Hi everyone! I’m back again today with a long-awaited blog post/guide! This one has been much requested for a while, and while my answer to this question is often very short and straightforward, I thought I’d make a dedicated blog post anyway to really show you guys how I go about writing my book reviews!
Just a little disclaimer: I am no professional book reviewer/critic! I write my book reviews for fun, and I also do it because I think it can help people decide on whether they should pick up a certain book or not. I think this post would be great if you’re looking to write personal book reviews but don’t know where to start 🙂 But if you’re looking into the book reviewing industry/guides on writing scholarly book reviews, this post may not be very helpful, so please keep this in mind when you read through this post!
To start, here is my book reviewing process in three steps:
- Book annotations and comments of my thoughts
- Compiling all my thoughts in a journal + generally discuss plot, writing, characters, and overall thoughts
- Type everything out on my blog and finalise
Step 1: Book annotations and comments of my thoughts
You guys know that I love to annotate my books, and that is pretty much the root of my book reviewing process! I think having written my fresh thoughts down while I read a book can really help with writing book reviews, so annotating your book and writing comments on the specific features of the story as you go will really help you remember what the book is about as well as your thoughts on it.
I also get questions on how I annotate and what it is exactly that I annotate about, and I have a full blog post on how I do that here. But in short, I write pretty much anything that comes to mind when I read certain phrases and paragraphs of the book! It could be a comment on the author’s writing, the characters, how funny a certain phrase is – literally anything! Every annotation counts, no matter how insignificant you may think it is 🙂
Step 2: Compiling all my thoughts in a journal + discuss plot, writing, characters, and overall thoughts
Now that I’ve got my annotations down and I’ve finished reading a book, I would usually compile all my annotations into a journal! Since I write out all my book reviews by hand, they always start out very long and messy, but this is personally great for me because I think it’s better to have my raw thoughts on paper before finalising them on my blog 🙂 And if my annotations have not already done so, I would make sure to cover my thoughts on the book’s plot, writing, and characters. These three narrative features are what I often focus on when writing reviews, because I personally believe that these three can either make or break a story! Here is a whole list of all the book reviews I’ve done in the past. Note that not all my book reviews cover these three points, but you can see that my newer book review posts (2020 onwards) have a more organised structure that goes over the three points! Feel free to make comparisons to my all book reviews – old or new! Maybe some of them can inspire you to write book reviews in some other way 🙂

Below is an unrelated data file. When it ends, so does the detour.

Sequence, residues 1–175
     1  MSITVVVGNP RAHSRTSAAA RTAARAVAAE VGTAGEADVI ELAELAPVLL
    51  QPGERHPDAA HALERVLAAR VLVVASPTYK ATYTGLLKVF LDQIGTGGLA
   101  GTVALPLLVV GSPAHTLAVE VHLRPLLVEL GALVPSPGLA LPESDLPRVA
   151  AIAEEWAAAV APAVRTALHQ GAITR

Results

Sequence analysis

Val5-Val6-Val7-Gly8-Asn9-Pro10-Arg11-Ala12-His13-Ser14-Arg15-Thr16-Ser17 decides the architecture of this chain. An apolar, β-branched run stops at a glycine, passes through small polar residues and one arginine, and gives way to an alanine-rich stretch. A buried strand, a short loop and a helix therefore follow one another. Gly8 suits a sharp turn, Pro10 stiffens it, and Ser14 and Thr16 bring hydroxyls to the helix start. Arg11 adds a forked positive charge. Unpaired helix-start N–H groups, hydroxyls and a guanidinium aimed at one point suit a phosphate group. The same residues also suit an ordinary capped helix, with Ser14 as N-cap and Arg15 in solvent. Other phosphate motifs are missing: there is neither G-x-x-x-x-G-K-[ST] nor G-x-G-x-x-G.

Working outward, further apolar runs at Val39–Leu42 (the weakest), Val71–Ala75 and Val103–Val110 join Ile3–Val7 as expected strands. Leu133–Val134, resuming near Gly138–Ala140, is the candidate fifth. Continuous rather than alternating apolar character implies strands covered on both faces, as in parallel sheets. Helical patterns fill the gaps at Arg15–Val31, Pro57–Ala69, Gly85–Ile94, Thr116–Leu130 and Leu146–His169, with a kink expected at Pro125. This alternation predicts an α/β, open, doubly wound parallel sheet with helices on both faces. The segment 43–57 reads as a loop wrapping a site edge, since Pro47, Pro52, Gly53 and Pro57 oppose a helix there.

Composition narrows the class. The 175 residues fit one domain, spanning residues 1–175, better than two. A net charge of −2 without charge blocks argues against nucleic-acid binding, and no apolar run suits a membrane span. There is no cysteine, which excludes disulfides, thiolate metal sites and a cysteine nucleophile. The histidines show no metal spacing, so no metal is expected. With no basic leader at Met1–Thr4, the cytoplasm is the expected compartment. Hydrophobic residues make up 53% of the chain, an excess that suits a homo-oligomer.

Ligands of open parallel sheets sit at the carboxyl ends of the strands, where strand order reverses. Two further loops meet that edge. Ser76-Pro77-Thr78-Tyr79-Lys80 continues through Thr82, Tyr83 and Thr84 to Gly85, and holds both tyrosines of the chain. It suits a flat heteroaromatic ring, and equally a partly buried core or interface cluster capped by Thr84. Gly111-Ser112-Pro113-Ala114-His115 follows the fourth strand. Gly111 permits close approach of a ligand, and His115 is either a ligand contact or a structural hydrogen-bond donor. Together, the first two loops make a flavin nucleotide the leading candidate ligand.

I won’t go into depth on how I talk about each feature, but I basically just write out what I like and dislike about the book. Anything that stands out/is important to point out is good to cover as well. Honestly, my number one tip is to just write your reviews the way you yourself would enjoy reading one from your favorite book blog! 🙂 Spending too long on a review and looking up all the right words to use could (personally) really take the joy out of a book AND writing your book review. So just write naturally and you’ll have yourself a banger of a book review!
Step 3: Type everything out on my blog and finalise
Once my journal pages have been filled with my book review, that’s when I’m ready to type it out on my blog! I tend to just blindly type out what I’ve got on paper to my blog. This saves me so much time, rather than having to edit as I go. When I have a huge blob of text typed out, I’m ready to finalise the whole thing and edit out any grammatical mistakes! This is a great time for me to go through the three narrative features I covered (divided into – in most cases – three paragraphs), my final thoughts, and concluding recommendation. At the very end, I also tend to make comparisons to other books with similar features, so it helps people narrow down their interests and pick up a book based on another book that they’ve enjoyed in the past 🙂 And that is pretty much it!
Thank you for reading through this blog post! I hope it has helped some of you out in writing your book reviews 🙂 Once again, this is one of many different ways to go about writing a book review, so please take my three steps with a grain of salt! It’s good to just reference from this post and find your own rhythm in writing out book reviews. You’ll find that it gets much easier the more you do it, so long as you start somewhere!
I’ll see you guys again in my next post 🙂 Take care everyone!